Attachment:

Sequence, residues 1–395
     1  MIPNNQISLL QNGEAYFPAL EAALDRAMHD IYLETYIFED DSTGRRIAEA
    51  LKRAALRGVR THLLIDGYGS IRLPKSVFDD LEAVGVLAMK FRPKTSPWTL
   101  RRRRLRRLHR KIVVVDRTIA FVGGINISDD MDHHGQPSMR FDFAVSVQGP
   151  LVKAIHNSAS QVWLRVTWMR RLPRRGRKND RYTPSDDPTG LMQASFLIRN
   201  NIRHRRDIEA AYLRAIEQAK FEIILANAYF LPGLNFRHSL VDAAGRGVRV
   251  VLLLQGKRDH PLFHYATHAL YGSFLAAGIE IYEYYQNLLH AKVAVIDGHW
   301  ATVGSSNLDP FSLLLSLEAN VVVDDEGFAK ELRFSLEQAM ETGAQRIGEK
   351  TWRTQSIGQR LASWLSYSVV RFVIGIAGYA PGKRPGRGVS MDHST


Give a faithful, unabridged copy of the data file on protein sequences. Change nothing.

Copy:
Sequence, residues 1–395
     1  MIPNNQISLL QNGEAYFPAL EAALDRAMHD IYLETYIFED DSTGRRIAEA
    51  LKRAALRGVR THLLIDGYGS IRLPKSVFDD LEAVGVLAMK FRPKTSPWTL
   101  RRRRLRRLHR KIVVVDRTIA FVGGINISDD MDHHGQPSMR FDFAVSVQGP
   151  LVKAIHNSAS QVWLRVTWMR RLPRRGRKND RYTPSDDPTG LMQASFLIRN
   201  NIRHRRDIEA AYLRAIEQAK FEIILANAYF LPGLNFRHSL VDAAGRGVRV
   251  VLLLQGKRDH PLFHYATHAL YGSFLAAGIE IYEYYQNLLH AKVAVIDGHW
   301  ATVGSSNLDP FSLLLSLEAN VVVDDEGFAK ELRFSLEQAM ETGAQRIGEK
   351  TWRTQSIGQR LASWLSYSVV RFVIGIAGYA PGKRPGRGVS MDHST